Mino ceramics

Ryotaro Kato

4th November, 2022

Mino ceramics originate from Tajimi in Gifu Prefecture. Its birth dates back more than 1300 years and today it is the most prolific Japanese pottery. 
The Koubei kiln is one of the most famous potteries in Mino. It was founded in 1804 by Koubei Kato in Ichinokura-go at the end of the Edo period (1604-1868), and soon became the official supplier to Edo Castle.

While the second generation distinguished itself by the finesse and aesthetics of its ceramic painting, its successor became passionate about the study of Chinese ceramics, deepening his knowledge and techniques. The fifth generation (1893-1982) inherited the virtuosity of their predecessor and created pieces of extreme beauty by mastering to perfection the wide range of Chinese ceramic glazing techniques. The Koubei pottery has built its foundations, generation after generation, with the creation of many masterpieces.

 After years of research, Takuo Kato, the sixth in line (1917-2005), reconstructed the techniques of Persian ceramics and polychrome glaze. He brought his creativity to life by producing pieces based on these methods, combining blue glaze, metallic lustre glazes and sancai. For these achievements, he has been recognised as a living national treasure of Japan.

Today, the Koubei Pottery is run by both Koubei Kato, the seventh generation, and Ryotaro Kato, the eighth generation. They are both ceramic artists and are surrounded by more than twenty skilled craftsmen. The workshop produces mainly tableware. In addition, the area around the gallery where the ceramics are displayed has been awarded two stars by the Michelin Green Guide of Japan.  

Ryotaro mainly creates ceramics for tea. He carries on the ceramic tradition of Mino Momoyama. During the Azuchi-Momoyama period, Mino ceramics produced excellent tea ceramics such as Kizeto, Setoguro, Shino and Oribe, known as Momoyama pottery, which are now recognised as "national treasures" and "important cultural properties".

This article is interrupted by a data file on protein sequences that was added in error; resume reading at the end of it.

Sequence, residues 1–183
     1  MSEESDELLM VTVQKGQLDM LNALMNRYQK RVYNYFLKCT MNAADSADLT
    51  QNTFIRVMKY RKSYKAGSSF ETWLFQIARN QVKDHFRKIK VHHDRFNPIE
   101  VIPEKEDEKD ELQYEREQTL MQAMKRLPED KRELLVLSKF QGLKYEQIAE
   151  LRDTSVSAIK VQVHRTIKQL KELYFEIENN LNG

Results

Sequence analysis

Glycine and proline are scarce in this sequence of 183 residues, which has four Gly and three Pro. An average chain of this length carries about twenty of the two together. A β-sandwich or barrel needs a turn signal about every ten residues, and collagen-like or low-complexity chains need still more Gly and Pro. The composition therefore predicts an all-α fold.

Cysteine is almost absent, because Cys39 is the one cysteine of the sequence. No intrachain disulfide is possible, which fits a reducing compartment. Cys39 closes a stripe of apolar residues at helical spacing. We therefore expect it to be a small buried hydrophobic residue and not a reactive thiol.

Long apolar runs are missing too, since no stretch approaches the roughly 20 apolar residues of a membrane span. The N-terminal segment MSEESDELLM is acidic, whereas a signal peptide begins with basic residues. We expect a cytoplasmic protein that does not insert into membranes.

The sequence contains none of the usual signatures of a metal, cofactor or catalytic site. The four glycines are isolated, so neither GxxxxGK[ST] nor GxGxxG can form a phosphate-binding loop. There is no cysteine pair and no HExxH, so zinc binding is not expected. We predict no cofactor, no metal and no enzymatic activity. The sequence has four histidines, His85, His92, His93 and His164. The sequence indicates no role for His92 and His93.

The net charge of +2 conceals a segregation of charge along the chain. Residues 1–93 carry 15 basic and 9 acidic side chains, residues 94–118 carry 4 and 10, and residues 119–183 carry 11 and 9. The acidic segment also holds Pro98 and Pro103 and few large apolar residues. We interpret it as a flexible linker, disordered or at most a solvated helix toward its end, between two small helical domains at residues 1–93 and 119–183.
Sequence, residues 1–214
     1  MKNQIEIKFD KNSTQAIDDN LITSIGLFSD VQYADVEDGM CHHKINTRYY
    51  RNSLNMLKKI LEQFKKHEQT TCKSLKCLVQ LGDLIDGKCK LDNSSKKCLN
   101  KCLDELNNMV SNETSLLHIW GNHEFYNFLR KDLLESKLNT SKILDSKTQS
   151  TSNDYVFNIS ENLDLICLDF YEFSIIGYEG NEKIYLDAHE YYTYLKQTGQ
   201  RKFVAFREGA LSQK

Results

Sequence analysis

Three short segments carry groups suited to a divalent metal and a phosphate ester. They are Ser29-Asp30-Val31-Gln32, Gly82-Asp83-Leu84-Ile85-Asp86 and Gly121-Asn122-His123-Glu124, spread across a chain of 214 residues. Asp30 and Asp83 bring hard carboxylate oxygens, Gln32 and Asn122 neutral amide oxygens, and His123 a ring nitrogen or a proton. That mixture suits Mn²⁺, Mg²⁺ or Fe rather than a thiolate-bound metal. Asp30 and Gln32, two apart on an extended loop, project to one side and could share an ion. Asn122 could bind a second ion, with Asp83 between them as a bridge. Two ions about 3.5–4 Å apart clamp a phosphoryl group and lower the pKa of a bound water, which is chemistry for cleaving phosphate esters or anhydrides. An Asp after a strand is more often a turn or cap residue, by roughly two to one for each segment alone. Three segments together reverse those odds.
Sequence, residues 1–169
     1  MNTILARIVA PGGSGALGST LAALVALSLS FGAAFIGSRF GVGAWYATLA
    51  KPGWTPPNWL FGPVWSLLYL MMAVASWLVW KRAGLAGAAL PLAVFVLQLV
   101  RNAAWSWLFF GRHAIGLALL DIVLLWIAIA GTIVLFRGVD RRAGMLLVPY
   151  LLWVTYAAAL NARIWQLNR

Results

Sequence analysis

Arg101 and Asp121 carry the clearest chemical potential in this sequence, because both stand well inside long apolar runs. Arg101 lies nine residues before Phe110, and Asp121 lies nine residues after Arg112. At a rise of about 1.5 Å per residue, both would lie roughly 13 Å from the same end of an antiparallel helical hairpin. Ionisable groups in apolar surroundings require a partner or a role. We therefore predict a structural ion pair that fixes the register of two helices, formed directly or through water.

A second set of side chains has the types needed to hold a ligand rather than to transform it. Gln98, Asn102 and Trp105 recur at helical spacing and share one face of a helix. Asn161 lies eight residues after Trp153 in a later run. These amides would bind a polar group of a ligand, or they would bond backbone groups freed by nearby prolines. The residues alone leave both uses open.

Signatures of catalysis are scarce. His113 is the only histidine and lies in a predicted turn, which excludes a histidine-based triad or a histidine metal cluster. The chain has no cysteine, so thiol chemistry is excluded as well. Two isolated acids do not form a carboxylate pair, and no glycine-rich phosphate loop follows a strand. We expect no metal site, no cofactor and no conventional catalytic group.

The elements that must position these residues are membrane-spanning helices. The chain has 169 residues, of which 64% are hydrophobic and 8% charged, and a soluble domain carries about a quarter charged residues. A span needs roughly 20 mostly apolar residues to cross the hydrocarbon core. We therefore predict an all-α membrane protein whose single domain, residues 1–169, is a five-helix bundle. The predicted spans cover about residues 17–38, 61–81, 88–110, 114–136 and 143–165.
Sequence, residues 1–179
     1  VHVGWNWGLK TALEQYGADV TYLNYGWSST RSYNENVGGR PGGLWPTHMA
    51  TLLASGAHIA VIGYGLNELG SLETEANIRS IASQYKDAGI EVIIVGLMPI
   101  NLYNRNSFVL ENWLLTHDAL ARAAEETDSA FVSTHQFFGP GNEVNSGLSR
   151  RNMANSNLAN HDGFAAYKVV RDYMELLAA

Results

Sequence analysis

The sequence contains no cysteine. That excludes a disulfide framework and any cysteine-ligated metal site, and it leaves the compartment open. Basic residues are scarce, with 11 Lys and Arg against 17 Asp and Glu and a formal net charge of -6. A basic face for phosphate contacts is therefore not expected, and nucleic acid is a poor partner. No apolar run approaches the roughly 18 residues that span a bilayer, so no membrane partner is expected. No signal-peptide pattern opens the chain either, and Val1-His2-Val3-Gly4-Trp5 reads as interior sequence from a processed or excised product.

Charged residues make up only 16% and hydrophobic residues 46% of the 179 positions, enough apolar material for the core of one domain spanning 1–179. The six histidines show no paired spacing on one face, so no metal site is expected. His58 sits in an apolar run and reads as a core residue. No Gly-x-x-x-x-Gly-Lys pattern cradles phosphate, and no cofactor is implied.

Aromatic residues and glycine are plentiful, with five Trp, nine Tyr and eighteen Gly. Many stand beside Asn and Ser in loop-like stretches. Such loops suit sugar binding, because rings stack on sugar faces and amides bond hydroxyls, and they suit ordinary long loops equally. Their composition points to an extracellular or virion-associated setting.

For a long time, Chinese ceramics were particularly appreciated and embodied elegance in the field. Subsequently, Mino ceramics pioneered a uniquely Japanese pottery aesthetic, contributing to wabi-sabi, and greatly facilitated the popularisation of the tea ceremony. Ryotaro admires Mino Momoyama pottery, but he is constantly exploring the fundamentals of tea ceremony ware to bring them up to date. For him, flame is an energy of nature and pottery is an art form that combines nature and artifice.

"My work only exists before the firing. What follows is the work of the flame. Through the fire, something new is born, a unique piece that is beyond mankind. This is my joy, and I believe that this is what touches people.
He heats his wood-fired kiln to 1300°C over five days, then lets it cool for a week. This slow firing gives him a soft, bouncy surface and a colour that is both soft and vibrant.

From another anagama, heated to 1200 degrees, Ryotaro takes out tea bowls. This rapid cooling allows the black colour to be sublimated. He tries many techniques and mixes glazes to obtain, among others, turquoise blue or Seto black. 
After the firings, the ceramist regularly organises tea ceremonies. He is also a passionate calligrapher.

Ryotaro Kato not only reproduces the ceramics of Mino Momoyama, which ceased to exist during the Edo period, but also draws an extension of them into the present and beyond. To this end, he organises solo and group exhibitions abroad, including in the UK, Italy and China, and makes Mino Momoyama's ceramics known around the world.

Thus, Ryotaro is a representative ceramic artist of the next generation. For this, he was awarded the Gifu Prefecture Art and Culture Encouragement Prize in 2021.

(English version available.)

Ryotaro Kato


Born in 1974, he is the eldest son of Kato Koubei, the seventh generation of the Koubei kiln, which has been in existence for over 200 years, since the late Edo period. His grandfather is Takuo Kato, a living national treasure. In 2000, he completed his postgraduate studies at Kyoto City University of the Arts In 2012, he participated in the Echigo-Tsumari Art Triennial In 2014, he exhibited at the Paramita Ceramic Grand Prix In 2015, he succeeded to the eighth generation of the Koubei kiln In 2016, he exhibited at the Furukawa Art Museum and the Ibaraki Prefectural Museum of Ceramic Art In 2017, he designed an anagama that opens like a drawer In 2018, he exhibited at INAX Live Museum, Gifu Museum of Fine Arts, CASA GIFU and Ginza Wako His pottery is used at the Nara Sansai Tenmoku during the tea ceremony presided over by Master Sen Soya at the commemoration of Kofuku-ji temple in Nara In 2019, he exhibited at the Goldmark Gallery in England and held a tea ceremony there, and his work was exhibited at the Toshin Mino Ceramic Museum and the Furukawa Art Museum In 2021, he was awarded the Gifu Prefecture Prize for the Promotion of Art and Culture